I have to start this tasting note with a little bit of history; I will keep it as short as I can, but it is terribly important. This concerns the wines of Paul Jaboulet Aine – how they were, how they are, and whether one’s views can change if an aesthetic experience changes.
The great Gerard Jaboulet died after the 1997 harvest, leaving the recently released 1995 as his last truly great Hermitage La Chapelle. He left a plethora of other great wines, from Crozes-Hermitage Domaine de Thalabert to other Northern Rhône wine like Cornas Domaine Saint Pierre and even Southern Rhône appellations, from 1995 and previous vintages, as testament to his brilliance.
If you find one of Gerard’s wines that has been well-stored, you will see that he made wines that were classics of their appellations. The Northern Rhône wines, even in a hot vintage like 1995, had the cool freshness one seeks from a Syrah of that region. They may have occasionally been a little Brett-infested, but they were complex, stylish, refined and elegant.
The great family house was taken over by Nicolas Jaboulet, Gerard’s nephew, who was to drive the house in a new direction. That direction was straight down the toilet.
Everyone complained how bloody awful Nicolas’ La Chapelle (hereafter: Lash) 1998 turned out. Unfortunately (for me), they didn’t complain before I had bought two bottles and a magnum en primeur, especially unfortunately (for me) as Nicolas doubled the price of Lash. Most of mine went down the sink several years ago as no one was stupid enough to buy them from me. Bugger.
Nicolas drifted on, making rubbish, charging the earth for them and not selling enough to keep the stock price buoyant. The family house was ripe for plucking and, as no one in the family could afford to buy the place, a Swiss insurance company swiped it out of the family’s possession.
It was undoubtedly sad that a great Rhône estate, centuries old, had been snatched out of family ownership, but there was, at least, the promise of a return to high quality winemaking.
The company installed Caroline Frey, who also made wine at the insurer’s Bordeaux estate, as winemaker and we all eagerly awaited improved quality even if we feared enthusiastic pricing from a company looking to make a juicy profit.
By arse, Frey’s early wines were awful. Monolithic, alcoholic, hard and bearing little connection with the appellations they once so gloriously showcased. It was clear that if Frey had even the slightest beginnings of a model for how to make Syrah, she had only tried a handful of the more ‘tumescent’ examples from California.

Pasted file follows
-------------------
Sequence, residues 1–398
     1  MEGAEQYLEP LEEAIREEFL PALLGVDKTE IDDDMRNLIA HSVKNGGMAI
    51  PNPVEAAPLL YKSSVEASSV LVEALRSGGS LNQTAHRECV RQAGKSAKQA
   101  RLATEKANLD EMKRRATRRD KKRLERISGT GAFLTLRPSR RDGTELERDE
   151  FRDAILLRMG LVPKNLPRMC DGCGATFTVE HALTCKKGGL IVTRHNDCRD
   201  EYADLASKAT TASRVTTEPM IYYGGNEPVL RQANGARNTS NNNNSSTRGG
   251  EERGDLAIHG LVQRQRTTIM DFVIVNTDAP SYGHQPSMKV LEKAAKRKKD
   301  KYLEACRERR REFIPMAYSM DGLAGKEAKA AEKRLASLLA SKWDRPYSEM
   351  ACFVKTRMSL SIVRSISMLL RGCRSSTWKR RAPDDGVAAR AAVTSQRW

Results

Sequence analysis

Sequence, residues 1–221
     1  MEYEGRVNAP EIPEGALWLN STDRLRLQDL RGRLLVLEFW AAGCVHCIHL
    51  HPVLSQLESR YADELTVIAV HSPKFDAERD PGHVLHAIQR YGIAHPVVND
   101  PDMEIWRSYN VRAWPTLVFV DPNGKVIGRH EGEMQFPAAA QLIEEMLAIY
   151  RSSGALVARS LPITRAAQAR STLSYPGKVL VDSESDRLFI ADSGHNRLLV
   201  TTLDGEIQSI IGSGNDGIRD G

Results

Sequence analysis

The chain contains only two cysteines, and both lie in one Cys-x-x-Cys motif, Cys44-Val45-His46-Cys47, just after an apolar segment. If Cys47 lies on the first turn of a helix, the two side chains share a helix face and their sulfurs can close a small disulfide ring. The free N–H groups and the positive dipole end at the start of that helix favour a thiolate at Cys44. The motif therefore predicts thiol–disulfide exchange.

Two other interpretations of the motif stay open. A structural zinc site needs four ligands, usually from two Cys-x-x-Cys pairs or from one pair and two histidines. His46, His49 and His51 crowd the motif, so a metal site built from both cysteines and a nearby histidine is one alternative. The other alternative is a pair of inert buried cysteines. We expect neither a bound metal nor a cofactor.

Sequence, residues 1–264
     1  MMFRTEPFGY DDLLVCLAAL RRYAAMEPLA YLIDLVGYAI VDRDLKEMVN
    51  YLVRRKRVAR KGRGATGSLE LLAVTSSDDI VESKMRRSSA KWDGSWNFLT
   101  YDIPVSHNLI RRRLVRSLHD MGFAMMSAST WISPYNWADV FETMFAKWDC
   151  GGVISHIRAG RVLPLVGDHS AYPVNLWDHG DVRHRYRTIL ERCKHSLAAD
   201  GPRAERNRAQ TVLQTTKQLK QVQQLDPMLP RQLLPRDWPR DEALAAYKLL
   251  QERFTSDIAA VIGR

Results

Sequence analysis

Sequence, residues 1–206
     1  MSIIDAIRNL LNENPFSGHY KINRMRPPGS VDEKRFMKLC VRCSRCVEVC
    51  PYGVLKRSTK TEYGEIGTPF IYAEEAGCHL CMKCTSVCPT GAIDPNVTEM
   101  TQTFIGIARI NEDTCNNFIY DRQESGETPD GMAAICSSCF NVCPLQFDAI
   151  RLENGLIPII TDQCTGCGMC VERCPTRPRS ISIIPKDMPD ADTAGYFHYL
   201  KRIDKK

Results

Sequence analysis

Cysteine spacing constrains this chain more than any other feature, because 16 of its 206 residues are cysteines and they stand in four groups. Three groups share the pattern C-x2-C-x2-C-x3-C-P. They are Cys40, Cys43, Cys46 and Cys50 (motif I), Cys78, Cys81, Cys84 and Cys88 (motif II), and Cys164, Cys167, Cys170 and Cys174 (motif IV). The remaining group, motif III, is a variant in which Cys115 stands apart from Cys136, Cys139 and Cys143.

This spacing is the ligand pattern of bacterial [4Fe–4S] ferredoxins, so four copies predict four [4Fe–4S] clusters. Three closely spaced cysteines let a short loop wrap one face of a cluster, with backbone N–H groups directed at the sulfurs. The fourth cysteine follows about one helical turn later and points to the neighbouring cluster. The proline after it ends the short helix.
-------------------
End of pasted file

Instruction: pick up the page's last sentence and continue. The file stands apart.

I regularly choked on her Crozes, Cornas, Hermitage and other wines in the mid- to late-noughties, getting more and more convinced she had no idea how to make Northern Rhône Syrah; Barossa Syrah maybe, but not a clue about the Rhône.
As the long time reader of Elitistreview will know, I pretty much gave up drinking her foul wines and limited my connections with them to sniping about them on these pages.
Now we must fast-forward twelve or so years and move to the questionable pleasure that is reading posts on Facebook. A great friend of mine, Ricard, who has a fine palate and loves the great wines I love, reported that some lunch companions of his had kindly bought a bottle of Lash 2010 for them to enjoy with their meal. I archly suggested that he would not have enjoyed that much.
“Yes, I really enjoyed it”, he replied, “The 2010 Lash is showing really well now!”
I thought he had to be joking and suggested as much.
“Oh no!”, he replied. “The 2010 is one of the great successes of the Frey family and is beginning to show gloriously well. We thought it was a really fine wine.”
I slumped back in my chair. I was shocked. Had I got so out of touch that I had missed a renaissance at the now-non-Jaboulet house of Jaboulet? Should I have been drinking the stuff I had detested over a decade ago during that decade?
A different friend of mine, Jeremy, often says, “Having one’s prejudices confirmed is most satisfying, but having one’s prejudices torpedoed under the waterline is vastly more satisfying.” So with the prospect of being vastly more satisfied I ordered a half bottle of Crozes-Hermitage Domaine de Thalabert 2018 from Jaboulet – with Ricard confirming it was lovely.